The bug, which is tracked as CVE-2021-30657, was discovered and reported to Apple by security researcher Cedric Owens. He said he stumbled upon it as he was using a developer tool called Appify while performing research for a “red team” exercise, in which hackers simulate a real attack in an attempt to find previously overlooked security weaknesses.
“I found that Appify was able to turn a shell script into a double clickable ‘app’ (really just a shell script inside of the macOS app directory structure but macOS treated it as an app),” he wrote in a direct message. “And when executed, it bypasses Gatekeeper. I actually reported it pretty quickly after discovering it and did not use it in a live red team exercise.”
Apple fixed the vulnerability with Monday’s release of macOS 11.3. Owens said that the flaw appears to have existed since the introduction of macOS 10.15 in June 2019, which is when notarization was introduced.
Owens discussed the bug with Patrick Wardle, a Mac security expert who previously worked at Jamf, a Mac enterprise security provider. Wardle then reached out to Jamf researchers, who uncovered the Shlayer variant that was exploiting the vulnerability before it was known to Apple or most of the security world.
“One of our detections alerted us to this new variant, and upon closer inspection, we discovered its use of this bypass to allow it to be installed without an end user prompt,” Jamf researcher Jaron Bradley told me. “Further analysis leads us to believe that the developers of the malware discovered the zero-day and adjusted their malware to use it, in early 2021.”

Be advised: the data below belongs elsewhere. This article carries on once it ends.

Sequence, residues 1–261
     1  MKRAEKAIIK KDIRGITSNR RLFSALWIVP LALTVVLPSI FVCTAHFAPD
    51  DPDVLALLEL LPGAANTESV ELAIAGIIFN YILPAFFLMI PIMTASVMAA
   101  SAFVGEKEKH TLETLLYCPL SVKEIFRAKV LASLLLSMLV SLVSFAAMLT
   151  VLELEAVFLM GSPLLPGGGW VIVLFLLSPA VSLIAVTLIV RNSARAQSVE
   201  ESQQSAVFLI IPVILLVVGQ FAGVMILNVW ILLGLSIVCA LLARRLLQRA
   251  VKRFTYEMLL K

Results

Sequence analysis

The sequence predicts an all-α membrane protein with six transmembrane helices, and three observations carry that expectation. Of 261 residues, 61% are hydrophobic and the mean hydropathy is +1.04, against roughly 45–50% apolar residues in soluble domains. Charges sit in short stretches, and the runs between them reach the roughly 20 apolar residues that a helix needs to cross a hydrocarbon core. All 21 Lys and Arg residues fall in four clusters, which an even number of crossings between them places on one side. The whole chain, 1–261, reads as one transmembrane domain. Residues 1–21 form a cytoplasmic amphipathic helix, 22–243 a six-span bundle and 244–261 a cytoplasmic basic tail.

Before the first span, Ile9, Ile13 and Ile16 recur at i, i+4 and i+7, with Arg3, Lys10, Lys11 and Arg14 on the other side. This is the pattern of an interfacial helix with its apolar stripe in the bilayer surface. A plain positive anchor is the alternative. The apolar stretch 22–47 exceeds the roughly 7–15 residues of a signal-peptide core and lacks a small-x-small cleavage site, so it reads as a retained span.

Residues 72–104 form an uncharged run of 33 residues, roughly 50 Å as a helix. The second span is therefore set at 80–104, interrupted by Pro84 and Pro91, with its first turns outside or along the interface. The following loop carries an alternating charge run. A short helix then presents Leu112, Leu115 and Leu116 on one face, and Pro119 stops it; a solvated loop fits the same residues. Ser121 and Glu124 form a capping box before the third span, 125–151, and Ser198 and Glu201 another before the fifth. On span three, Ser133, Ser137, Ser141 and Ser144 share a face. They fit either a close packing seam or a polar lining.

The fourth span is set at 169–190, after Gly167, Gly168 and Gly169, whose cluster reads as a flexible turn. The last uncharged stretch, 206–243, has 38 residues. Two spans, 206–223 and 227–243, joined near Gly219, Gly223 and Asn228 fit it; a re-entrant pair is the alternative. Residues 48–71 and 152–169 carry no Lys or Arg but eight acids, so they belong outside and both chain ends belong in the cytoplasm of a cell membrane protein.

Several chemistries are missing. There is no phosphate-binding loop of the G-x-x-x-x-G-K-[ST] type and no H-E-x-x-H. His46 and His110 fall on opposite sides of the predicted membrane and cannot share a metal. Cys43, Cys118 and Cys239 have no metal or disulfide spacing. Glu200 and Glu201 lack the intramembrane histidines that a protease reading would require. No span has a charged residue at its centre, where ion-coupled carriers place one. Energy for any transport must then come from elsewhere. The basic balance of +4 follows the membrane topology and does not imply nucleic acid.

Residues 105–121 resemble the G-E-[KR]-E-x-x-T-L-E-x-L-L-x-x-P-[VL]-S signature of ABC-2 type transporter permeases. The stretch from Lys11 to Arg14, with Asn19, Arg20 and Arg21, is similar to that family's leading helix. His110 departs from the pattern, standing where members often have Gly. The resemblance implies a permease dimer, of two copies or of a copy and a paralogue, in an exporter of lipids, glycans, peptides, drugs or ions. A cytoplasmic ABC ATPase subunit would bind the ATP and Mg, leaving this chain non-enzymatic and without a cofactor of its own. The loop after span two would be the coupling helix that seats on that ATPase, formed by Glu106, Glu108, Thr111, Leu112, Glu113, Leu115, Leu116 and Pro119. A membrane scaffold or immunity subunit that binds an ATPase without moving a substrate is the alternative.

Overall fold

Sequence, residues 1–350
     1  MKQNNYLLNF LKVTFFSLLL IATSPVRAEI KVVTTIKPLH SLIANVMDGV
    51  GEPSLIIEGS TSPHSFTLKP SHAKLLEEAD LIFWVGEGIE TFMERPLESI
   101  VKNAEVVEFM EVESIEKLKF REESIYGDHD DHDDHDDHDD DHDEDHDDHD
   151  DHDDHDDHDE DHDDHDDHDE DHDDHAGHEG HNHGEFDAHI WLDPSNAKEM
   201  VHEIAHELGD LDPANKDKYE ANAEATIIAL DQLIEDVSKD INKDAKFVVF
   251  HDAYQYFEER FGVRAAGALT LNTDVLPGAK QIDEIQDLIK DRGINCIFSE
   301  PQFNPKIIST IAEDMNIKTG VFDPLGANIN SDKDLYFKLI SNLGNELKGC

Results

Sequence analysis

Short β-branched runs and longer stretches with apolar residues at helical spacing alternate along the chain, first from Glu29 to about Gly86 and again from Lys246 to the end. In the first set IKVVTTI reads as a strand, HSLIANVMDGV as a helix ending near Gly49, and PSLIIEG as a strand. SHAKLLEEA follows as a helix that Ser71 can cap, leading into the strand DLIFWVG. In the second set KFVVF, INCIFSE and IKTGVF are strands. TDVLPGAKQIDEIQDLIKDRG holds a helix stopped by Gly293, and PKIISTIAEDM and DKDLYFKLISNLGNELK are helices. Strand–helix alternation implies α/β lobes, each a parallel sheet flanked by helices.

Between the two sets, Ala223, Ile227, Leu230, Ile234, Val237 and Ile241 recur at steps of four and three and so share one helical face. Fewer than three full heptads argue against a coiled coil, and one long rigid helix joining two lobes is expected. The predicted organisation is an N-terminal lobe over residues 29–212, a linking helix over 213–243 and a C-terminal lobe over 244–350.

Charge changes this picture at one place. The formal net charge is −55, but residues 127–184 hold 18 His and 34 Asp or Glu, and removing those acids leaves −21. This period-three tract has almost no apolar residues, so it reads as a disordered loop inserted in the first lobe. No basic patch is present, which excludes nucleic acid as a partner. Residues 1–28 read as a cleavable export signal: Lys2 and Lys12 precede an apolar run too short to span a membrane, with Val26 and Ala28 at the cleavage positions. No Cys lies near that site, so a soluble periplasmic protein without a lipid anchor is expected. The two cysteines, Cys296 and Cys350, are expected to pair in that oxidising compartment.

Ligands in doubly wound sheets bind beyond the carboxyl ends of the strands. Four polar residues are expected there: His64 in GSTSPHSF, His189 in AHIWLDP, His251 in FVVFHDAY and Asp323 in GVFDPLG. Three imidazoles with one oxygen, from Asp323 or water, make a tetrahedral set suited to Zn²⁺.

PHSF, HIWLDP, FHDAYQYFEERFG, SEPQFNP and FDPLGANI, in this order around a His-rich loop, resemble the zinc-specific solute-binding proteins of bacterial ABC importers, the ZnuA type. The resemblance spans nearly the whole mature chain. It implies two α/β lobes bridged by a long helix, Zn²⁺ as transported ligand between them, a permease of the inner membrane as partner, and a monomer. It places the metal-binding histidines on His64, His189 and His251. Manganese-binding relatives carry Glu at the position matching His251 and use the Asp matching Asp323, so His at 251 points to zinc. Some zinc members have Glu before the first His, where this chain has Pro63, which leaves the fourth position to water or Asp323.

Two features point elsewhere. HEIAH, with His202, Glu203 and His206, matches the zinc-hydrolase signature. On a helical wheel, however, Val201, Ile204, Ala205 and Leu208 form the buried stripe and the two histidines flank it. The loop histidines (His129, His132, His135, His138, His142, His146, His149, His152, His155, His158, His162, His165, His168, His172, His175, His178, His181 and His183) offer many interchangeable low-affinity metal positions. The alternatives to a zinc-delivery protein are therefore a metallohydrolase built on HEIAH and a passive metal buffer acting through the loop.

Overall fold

Wardle developed a proof-of-concept exploit that showed how the Shlayer variant worked. After being downloaded from the Internet, the executable script appears as a PDF file named “Patrick’s Resume.” When a user double-clicks on the file, it launches a file called calculator.app. The exploit could just as easily execute a malicious file.
In a 12,000-word deep-dive that delves into the causes and effects of the exploits, Wardle concluded:
Though this bug is now patched, it clearly (yet again) illustrates that macOS is not impervious to incredibly shallow, yet hugely impactful flaws. How shallow? Well that fact that a legitimate developer tool (appify) would inadvertently trigger the bug is beyond laughable (and sad).
And how impactful? Basically macOS security (in the context of evaluating user launched applications, which recall, accounts for the vast majority of macOS infections) was made wholly moot.
Bradley published a post that recounted how the exploit looked and worked.
Many people consider malware like Shlayer unsophisticated because it relies on tricking its victims. To give Shlayer its due, the malware is highly effective, in large part because of its ability to suppress macOS defenses designed to tip off users before they accidentally infect themselves. Those who want to know if they’ve been targeted by this exploit can download this python script written by Wardle.